Micron’s teething problems

Micron is expected to undergo considerable teething problems as it digests Elpida, says IHS.

“Micron’s previous acquisitions in years past of specialty memory makers Numonyx and Inotera presented unanticipated surprises, and in some ways Micron is still digesting those purchases. Adding Elpida to the mix is unlikely to hasten the rest of the complicated integration process that Micron still needs to do with its earlier buyouts,” says IHS’ Mike Howard.

Micron’s buyout of Elpida is expected to boost its DRAM production volume to approximately 370,000 wafer starts per month over the long term, up 131% from 160,000 putting it into the No.2 position in the DRAM league.

Samsung has 400,000 wafer starts per month. Based on Q1 rankings, the Micron acquisition will boost its standing to 24.8% share of the DRAM space, behind Samsung’s 40.8% portion but ahead of Hynix’s 24.2%.

Purchase price was $2.5bn of which $750m is to be paid in cash. The cash portion of the payment is intended for Elpida assets and will be due at the close of the deal, expected sometime in 2013.

The cash payment won’t necessarily reduce the cash balance of Micron, as it will gain access to all of Elpida’s cash and current assets on the bankrupt company’s balance sheet.

Elpida at the end of December 2011 had approximately $1.4bn in assets.

The other part of the purchase price is the remaining balance of $1.75bn. This part of the payment, which does not start until December 2014 and will continue to 2019, is paid out in interest-free installments—a boon to Micron, considering that interest payments could have been 5%.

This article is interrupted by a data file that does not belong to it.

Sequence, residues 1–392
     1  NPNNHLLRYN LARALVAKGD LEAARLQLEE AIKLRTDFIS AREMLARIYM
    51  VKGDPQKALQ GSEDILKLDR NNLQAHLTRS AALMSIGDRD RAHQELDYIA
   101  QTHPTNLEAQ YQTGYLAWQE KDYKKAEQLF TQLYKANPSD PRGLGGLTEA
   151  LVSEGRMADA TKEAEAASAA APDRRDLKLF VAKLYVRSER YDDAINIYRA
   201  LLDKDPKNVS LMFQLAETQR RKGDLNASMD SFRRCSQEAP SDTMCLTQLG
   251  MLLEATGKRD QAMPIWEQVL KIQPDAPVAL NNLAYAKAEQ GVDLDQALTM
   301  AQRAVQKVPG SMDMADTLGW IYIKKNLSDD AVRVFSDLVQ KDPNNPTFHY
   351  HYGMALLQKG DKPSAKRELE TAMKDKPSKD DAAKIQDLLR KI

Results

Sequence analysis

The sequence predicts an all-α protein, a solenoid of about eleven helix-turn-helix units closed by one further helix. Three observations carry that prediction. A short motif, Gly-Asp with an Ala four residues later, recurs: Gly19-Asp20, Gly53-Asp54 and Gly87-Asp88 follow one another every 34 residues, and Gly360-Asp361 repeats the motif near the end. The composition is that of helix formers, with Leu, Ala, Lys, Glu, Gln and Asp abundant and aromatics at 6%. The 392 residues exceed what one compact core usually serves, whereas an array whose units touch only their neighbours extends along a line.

The deal calls for the payments to come from the free cash flow of a restructured Elpida, which will now turn into a Micron subsidiary. If Elpida is not cash-flow positive in its new role as a Micron offspring, then no payments will have to be made by the parent company. By structuring the deal this way, Micron has insulated itself from any drastic downturns in the DRAM market or from being upended by larger macroeconomic events beyond its control.

In a separate but related deal, Micron also purchased Taiwanese maker Powerchip Semiconductor’s minority interest in Rexchip Electronics, in which Elpida had majority two-thirds share. The deal for $330m gives Micron an overwhelming 89% ownership share of Rexchip, which has a cost competitive, leading-edge manufacturing plant in Taiwan.

The Rexchip facility formed a very attractive component of the entire Elpida deal, and Micron’s concurrent purchase of both Elpida and Rexchip gives Micron an even stronger edge in the tightly held DRAM space.

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